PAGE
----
It’s often a heartbreaking experience when parents watch their child feel discouraged or overwhelmed. It’s almost the end of Semester 1 at Compass Charter Schools (CCS) and around this time of year, some scholars may start to feel overwhelmed by all of the responsibilities they need to fulfill before the semester ends. CCS is committed to guiding and supporting each scholar to help them achieve their goals and succeed academically without feeling discouraged.
CCS provides a variety of support resources for scholars to lean on as the end of the semester approaches. Scholars are encouraged to communicate with their teachers, connect with their school counselors and turn to their learning coaches for encouragement and guidance.
Here are five tips to help parents who feel like their scholar may be feeling a bit discouraged:
Focus on the Positive
A simple way to support a scholar who may feel discouraged or overwhelmed by their responsibilities is by focusing on the positive things happening around them. Parents can consider going the extra mile to discuss or highlight positive occurrences in their scholar’s life. For example, reminisce about a good grade they earned or a compliment they received. Another great way to help a discouraged scholar feel better is by giving compliments and positive affirmations. Families may want to consider spending time at the beginning of each day or in the evening sharing compliments and positive affirmations with each other. This type of activity is likely to reduce a scholar’s sense of discouragement and increase their confidence. It’s also important to focus on the tasks that a scholar is capable of completing on their own rather than emphasizing what they are not capable of doing. Families may want to consider creating a to-do list of tasks that a scholar is capable of completing independently. This can help encourage the scholar and remind them that they have the proper skills to achieve their goals and fulfill their responsibilities!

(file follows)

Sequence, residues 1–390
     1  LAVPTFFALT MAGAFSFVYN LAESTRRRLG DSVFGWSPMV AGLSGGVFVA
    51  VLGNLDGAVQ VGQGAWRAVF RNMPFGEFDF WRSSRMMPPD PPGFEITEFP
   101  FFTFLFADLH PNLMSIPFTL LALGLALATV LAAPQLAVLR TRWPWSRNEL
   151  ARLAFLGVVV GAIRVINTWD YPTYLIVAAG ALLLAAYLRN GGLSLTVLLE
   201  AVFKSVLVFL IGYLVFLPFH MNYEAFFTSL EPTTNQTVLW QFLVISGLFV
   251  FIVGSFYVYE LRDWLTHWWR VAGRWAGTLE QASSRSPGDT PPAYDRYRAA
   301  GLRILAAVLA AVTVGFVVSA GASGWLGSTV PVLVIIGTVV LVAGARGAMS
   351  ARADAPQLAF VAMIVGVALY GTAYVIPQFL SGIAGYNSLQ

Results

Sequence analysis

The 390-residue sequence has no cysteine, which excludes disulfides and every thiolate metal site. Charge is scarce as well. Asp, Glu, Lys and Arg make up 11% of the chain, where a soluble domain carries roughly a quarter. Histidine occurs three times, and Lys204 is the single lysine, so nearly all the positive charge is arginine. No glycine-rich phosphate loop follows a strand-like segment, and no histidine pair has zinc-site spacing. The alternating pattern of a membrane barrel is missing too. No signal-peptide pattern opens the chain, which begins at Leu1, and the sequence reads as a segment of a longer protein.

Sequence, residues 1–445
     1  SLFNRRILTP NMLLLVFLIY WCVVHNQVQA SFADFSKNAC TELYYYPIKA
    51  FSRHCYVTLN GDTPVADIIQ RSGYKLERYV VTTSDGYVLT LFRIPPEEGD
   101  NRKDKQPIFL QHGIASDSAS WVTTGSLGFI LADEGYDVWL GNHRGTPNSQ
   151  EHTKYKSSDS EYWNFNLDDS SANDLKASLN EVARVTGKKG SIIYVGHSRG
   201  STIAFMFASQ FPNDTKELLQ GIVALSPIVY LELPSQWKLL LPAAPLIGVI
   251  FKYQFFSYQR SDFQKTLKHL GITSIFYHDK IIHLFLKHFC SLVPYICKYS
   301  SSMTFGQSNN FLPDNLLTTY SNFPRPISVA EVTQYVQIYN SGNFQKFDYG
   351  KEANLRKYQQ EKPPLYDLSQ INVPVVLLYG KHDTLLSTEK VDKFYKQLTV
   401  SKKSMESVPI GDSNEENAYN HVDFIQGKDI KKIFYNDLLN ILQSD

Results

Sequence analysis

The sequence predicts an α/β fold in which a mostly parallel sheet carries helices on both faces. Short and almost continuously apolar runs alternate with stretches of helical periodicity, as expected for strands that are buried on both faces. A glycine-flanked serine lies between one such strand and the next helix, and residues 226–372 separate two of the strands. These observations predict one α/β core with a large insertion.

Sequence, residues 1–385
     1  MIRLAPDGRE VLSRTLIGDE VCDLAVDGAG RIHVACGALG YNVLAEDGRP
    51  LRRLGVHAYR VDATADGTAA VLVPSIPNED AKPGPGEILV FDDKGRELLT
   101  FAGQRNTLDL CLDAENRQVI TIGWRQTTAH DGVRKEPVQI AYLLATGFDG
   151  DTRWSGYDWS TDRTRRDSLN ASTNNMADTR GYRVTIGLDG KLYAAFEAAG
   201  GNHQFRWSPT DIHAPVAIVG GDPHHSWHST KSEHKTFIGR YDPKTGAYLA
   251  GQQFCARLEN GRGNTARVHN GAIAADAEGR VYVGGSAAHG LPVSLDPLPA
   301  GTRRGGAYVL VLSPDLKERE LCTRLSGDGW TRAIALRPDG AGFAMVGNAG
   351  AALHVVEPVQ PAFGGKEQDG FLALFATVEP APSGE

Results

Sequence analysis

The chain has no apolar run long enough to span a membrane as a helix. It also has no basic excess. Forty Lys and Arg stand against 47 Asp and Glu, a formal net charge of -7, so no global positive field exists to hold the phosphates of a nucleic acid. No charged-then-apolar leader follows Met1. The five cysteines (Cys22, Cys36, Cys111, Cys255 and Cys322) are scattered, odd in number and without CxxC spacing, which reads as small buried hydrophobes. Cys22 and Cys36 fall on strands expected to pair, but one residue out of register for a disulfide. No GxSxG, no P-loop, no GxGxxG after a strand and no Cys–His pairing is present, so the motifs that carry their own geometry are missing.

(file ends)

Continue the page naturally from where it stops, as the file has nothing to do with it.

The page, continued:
Talk About Feelings
Talking is one of the simplest ways that parents can support their child if they’re feeling overwhelmed. We encourage parents to ask a few basic questions to start a conversation with their child and learn more about their feelings. At first, some children may struggle to explain how they are feeling, especially if they’re feeling discouraged. Parents can gently ask discovery questions to find out if their scholar is feeling happy, sad, excited, scared, etc. As the end of the first semester of the school year approaches, there is a lot of work for scholars to complete and submit. Some scholars may express that they feel intimidated, frustrated or discouraged by all of the work that they need to complete. Parents can support their child during this challenging time by being attentive listeners while their scholars talk through their feelings. Talking about their feelings is a healthy coping method that scholars can use to overcome the challenges that they face. It can help them build confidence and create a plan of action to overcome their feelings of discouragement. Scholars at CCS can also always turn to the Counseling Services team for support when they feel overwhelmed and discouraged.